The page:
What you want instead is unsigned modulus. An easy way to do this



	  INTEGER(4) :: X

	   X=HUGE(X) ! largest 32-bit signed number

	  WRITE(*,*) X, KIAND(INT8(X), Z'00000000FFFFFFFF')

	  X=X+1 ! first overflow

	  WRITE(*,*) X, KIAND(INT8(X), Z'00000000FFFFFFFF')

	  X=X+1 ! second overflow

	  WRITE(*,*) X, KIAND(INT8(X), Z'00000000FFFFFFFF')


	  2147483647            2147483647

	 -2147483648            2147483648

	 -2147483647            2147483649


Note the first column, if abs were taking, would be counting down, not up.

As TimP and others have mentioned, the above is a partial fix, because at some point the 32-bit unsigned number will overflow. The results will, if run long enogh, wrap back to 0. Therefore your code, if run long enough, will need to periodically poll the counter

	real(kind(0.0D0)) :: start_d, end_d

	integer :: start, end, count_rate, count_max

	integer(8) :: elapse


	elapse = 0

	call system_clock (start)

	vvv code to be timed begins vvv

	... code under test ...

	! start of periodic code inside code under test

	call system_clock (end)

	elapse = elapse + (end-start)

	start = end

	! end of periodic code inside code under test

	... code under test

	! ^^^ end code to be timed

	call system_clock (end, count_rate, count_max)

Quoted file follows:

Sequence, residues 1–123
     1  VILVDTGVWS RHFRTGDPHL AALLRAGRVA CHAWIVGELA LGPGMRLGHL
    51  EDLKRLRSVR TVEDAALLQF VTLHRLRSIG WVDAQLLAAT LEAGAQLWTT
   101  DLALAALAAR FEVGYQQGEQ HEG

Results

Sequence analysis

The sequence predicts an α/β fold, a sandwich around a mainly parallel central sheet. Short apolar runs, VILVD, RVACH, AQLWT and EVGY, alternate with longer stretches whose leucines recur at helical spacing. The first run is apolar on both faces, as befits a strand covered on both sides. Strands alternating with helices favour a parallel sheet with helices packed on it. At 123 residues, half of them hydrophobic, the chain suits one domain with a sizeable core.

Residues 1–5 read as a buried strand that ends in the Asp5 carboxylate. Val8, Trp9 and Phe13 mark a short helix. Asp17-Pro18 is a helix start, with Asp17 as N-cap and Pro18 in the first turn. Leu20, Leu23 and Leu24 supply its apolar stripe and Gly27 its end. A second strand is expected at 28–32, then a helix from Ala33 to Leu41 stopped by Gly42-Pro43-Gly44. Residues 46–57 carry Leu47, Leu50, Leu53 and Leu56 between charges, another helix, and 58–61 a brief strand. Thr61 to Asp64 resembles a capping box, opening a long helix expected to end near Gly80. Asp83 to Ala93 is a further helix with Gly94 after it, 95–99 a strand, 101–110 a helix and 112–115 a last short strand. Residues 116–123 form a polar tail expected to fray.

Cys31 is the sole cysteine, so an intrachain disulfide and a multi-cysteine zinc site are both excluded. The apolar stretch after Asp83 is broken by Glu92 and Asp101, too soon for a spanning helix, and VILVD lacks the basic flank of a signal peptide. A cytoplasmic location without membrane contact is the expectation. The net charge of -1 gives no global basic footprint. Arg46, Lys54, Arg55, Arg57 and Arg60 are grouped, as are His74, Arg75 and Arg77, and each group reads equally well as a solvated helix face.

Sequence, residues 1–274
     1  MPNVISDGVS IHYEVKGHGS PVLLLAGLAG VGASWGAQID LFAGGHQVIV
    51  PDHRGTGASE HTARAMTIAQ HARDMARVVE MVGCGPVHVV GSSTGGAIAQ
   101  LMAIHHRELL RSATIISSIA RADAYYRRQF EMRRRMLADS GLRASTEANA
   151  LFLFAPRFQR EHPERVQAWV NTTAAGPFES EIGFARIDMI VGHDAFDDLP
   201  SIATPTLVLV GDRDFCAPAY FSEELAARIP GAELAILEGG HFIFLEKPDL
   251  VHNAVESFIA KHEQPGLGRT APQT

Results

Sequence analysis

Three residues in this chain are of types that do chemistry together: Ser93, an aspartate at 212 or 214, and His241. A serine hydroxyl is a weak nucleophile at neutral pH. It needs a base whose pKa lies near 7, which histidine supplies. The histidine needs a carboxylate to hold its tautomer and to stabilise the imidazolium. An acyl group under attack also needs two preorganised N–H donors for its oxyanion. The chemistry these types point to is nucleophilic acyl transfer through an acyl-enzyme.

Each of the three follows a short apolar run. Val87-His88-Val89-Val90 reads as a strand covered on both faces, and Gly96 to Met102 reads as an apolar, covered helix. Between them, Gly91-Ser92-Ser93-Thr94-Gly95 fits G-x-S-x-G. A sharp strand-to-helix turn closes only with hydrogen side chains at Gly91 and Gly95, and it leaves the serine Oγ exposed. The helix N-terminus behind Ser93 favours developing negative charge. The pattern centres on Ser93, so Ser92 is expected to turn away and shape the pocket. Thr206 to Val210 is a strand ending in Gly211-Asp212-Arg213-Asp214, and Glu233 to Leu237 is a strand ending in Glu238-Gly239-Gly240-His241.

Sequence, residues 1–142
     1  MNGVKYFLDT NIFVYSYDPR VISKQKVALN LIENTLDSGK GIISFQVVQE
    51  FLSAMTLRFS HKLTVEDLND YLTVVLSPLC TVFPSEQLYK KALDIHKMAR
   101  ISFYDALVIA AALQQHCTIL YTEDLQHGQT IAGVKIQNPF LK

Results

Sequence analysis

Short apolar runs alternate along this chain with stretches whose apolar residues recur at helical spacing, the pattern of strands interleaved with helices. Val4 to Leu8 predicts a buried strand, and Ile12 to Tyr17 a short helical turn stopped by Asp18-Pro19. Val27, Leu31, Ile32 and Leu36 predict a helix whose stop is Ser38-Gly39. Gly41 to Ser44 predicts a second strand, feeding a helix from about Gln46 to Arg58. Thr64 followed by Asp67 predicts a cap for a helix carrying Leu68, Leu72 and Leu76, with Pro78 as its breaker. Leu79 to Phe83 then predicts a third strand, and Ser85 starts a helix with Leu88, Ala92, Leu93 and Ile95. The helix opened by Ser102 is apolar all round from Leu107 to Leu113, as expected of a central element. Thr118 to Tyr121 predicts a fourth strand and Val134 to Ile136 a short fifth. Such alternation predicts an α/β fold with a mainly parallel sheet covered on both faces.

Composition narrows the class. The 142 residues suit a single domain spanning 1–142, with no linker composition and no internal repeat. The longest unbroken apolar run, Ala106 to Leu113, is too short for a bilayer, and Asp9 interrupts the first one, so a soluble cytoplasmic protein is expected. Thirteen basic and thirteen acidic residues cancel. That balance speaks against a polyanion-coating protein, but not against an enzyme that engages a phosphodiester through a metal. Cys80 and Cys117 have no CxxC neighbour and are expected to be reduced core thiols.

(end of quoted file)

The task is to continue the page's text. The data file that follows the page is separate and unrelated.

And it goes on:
elapse = elapse + (end-start)

	write (*,*) "Time = ", elapse/dble(count_rate)


Jim Dempsey

Forum gripe.

It is bad enough that I cannot drag and drop sample code from VS into the forum, and have to result to pasting into Notepad. Then copy and paste. This used to work. Now, copy from NOTEPAD and paste into forum results in double spaced lines. Please permit the former, and if not, at least permit the latter. This site is user unfriendly enough (sluggish), don't make it worse.

Also note while I can drag from selected portion of other poster's message and drop into comment box, and this works. Using Ctrl-C to copy from other posters message, and Ctrl-V to past, crashes the web page. This is particularly annoying when the portion of text I want is several comments prior to where the edit box is for new comment.

Sign me grumpy old man.


I can't reproduce copy/paste issues, either from Visual Studio or from Notepad. I have seen the double-space issue before, but can't get it to happen today.  Rather than griping here, send me a message with instructions for how to reproduce the problem.

As for SYSTEM_CLOCK, if you use INTEGER(8), the max count is VERY large nowadays.

Retired 12/31/2016